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California has paused its reopening plans and won’t move forward “anytime soon”

“We are at pause, have been for over a week now.”

Michael Juliano
Written by
Michael Juliano

California had been barreling forward with its reopening plans earlier in the month and allowed businesses like gyms, hotels, museums and bars to once again open their doors. But things quieted down recently—when Disneyland announced that it was delaying its reopening, its statement specifically said that California had yet to issue guidance for theme parks. Now we know why: The state has paused issuing guidance for new industries to reopen.

“We are at pause, have been for over a week now,” said Governor Gavin Newsom in an address on Friday. “And there’s nothing to suggest, based upon the criteria and conditions and those trend lines that are developing in the headlines across this nation but subsequently here in the state as well, that we’ll be moving anytime soon by pushing further with those protocols and those announcements.”

“Guidelines don’t mean go,” he said. “Guidelines are how to safely reopen. We allow that determination at the local level of when to move forward… We have delayed those guidelines.”

That doesn’t necessarily mean the state will move its existing guidelines backwards, though. When asked if he would “toggle back” reopening plans statewide, Newsom specifically pointed to San Francisco, which has reversed course on plans to reopen bars and other businesses on Monday, as a model. “California is not one size fits all,” he said, and noted that different parts of the state will continue to move at different paces, including the ability to revert to more restrictive orders. When asked if he’d consider a statewide “toggling back,” Newsom again just pointed to pausing statewide reopening plans and reinforcing county and city actions, but noted that the state reserved to right to “make that determination in real time.”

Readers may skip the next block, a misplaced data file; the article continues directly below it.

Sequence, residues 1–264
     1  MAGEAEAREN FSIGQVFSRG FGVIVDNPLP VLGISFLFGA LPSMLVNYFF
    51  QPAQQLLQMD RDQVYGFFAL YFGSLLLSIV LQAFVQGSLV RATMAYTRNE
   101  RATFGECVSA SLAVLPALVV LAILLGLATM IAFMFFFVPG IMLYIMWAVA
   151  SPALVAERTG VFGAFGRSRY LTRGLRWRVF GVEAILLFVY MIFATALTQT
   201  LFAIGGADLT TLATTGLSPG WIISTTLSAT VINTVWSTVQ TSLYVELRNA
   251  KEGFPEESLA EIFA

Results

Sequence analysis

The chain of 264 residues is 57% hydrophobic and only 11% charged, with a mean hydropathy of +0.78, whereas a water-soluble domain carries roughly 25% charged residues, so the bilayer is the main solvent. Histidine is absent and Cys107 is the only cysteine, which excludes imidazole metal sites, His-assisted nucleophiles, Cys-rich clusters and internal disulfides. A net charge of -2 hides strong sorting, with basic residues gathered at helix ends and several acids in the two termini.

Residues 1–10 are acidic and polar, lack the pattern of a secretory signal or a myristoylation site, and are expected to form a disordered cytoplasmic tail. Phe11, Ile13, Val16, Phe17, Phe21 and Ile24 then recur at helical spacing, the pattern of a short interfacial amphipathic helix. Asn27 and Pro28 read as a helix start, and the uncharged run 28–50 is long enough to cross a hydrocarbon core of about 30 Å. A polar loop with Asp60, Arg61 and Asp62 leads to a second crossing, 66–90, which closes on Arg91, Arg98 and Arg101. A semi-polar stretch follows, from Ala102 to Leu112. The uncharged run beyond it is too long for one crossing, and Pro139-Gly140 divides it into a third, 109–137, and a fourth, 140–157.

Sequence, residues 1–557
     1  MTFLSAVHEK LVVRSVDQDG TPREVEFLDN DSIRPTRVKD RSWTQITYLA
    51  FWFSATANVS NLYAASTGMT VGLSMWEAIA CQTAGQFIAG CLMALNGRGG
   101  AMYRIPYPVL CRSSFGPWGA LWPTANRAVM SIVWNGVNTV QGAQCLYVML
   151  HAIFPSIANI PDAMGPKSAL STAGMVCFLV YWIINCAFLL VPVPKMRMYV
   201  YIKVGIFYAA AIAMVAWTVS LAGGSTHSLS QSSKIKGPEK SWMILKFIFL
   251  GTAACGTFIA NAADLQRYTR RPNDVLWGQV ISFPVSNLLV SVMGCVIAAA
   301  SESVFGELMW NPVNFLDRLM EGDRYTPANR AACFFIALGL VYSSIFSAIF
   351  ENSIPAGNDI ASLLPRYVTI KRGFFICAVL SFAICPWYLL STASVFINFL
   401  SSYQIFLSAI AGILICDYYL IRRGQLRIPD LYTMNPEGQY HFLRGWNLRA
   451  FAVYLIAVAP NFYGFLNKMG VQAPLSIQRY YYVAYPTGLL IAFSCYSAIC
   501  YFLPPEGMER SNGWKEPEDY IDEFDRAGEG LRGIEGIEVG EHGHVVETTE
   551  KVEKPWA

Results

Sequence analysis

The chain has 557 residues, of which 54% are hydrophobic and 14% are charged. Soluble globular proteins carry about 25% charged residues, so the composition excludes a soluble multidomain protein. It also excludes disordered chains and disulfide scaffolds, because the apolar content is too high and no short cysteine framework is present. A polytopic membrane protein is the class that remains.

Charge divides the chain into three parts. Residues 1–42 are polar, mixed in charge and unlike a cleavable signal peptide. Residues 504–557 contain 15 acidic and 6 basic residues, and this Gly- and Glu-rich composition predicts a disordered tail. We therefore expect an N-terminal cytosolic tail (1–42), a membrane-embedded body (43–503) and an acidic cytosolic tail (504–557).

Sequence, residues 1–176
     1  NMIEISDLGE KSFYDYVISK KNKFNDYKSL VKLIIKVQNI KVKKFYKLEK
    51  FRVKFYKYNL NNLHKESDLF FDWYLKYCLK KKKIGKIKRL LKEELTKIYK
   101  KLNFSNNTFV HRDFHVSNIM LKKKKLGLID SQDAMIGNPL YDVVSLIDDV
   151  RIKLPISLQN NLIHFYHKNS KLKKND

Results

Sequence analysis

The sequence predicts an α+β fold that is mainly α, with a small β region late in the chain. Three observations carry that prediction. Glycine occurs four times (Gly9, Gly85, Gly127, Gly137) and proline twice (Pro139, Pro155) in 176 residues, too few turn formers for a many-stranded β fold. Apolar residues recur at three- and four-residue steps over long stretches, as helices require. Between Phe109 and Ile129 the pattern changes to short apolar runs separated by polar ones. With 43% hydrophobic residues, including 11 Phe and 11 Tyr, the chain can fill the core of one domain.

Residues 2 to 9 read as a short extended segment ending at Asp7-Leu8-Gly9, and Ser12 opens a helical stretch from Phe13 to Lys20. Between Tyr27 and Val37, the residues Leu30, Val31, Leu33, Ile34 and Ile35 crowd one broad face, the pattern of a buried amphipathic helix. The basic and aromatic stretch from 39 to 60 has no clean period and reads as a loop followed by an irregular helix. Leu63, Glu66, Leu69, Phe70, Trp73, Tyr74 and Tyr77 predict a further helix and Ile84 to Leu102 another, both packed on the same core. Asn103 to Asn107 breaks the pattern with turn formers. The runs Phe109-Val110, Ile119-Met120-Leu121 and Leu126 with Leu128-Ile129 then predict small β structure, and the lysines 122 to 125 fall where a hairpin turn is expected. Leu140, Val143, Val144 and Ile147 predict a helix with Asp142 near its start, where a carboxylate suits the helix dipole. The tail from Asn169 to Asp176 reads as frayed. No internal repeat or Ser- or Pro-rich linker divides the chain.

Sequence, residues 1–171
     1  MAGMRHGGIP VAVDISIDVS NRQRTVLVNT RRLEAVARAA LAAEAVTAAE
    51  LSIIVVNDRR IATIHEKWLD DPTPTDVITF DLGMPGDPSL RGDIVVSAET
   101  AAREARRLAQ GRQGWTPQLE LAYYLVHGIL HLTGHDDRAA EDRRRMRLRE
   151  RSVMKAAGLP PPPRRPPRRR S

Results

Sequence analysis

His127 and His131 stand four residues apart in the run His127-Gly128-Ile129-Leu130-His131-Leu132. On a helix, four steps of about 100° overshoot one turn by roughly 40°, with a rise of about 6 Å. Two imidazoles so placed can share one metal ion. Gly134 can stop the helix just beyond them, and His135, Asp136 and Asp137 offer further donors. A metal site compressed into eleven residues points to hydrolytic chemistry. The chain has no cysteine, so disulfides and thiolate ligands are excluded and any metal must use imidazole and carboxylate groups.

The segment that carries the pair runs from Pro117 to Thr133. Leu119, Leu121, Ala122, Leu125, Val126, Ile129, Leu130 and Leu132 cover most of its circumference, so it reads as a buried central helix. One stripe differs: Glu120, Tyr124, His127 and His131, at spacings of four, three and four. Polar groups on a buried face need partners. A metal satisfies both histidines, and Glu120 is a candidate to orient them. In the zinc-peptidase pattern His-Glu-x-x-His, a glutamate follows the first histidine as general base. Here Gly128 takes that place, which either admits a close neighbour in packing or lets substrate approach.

The news came as California reported 4,890 new coronavirus cases and 79 deaths on Friday, as well as a modest increase in hospitalizations (3.3%) and ICU patients (4.4%). Positivity rates—which compare the number of newly confirmed cases to the total number of people tested—have increased by two tenths of a percentage point to 5.3% for the last 14 days, and to 5.7% over the past seven days. After consulting with county health departments, the state believes that protests have contributed to these recent increases, but also notes that these jumps occurred at the same time as parts of the economy began reopening and people (particularly younger people) started going out more—making it difficult to distinguish between them.

In California, 15 counties—including Los Angeles—have seen a deterioration in any number of metrics that have landed them on a watchlist, which denotes counties where the state is working more closely to curb infections. That includes Imperial County, where the 14-day positivity rate is approaching 23%. “We are now in a position where we are working with [Imperial] County officials and advising them to pull back and once again reinstitute their stay-at-home orders,” Newsom said. The governor continued that he’d let the county sort out that process over the next few das, but if they can’t come to a consensus he said he was “committed to intervening” (i.e. the governor’s office ordering them to return to stay-at-home).

Imperial County’s return to a stay-at-home order seems to reinforce the governor’s stance of tackling spikes in infections county by county rather than statewide. “Cities and counties large and small, that have unique and distinctive concerns, we encourage them to act… To the extent they don’t, we will advise, as we have in Imperial County, that they do and we’ll reserve the right and our authority as a state to pull back.”

Finally, Newsom reminds Californians to keep wearing masks, which was recently required statewide. “These trend lines… are disturbing, and that’s why I cannot impress upon people more to wear these masks when they cannot practice physical distancing,” he said.

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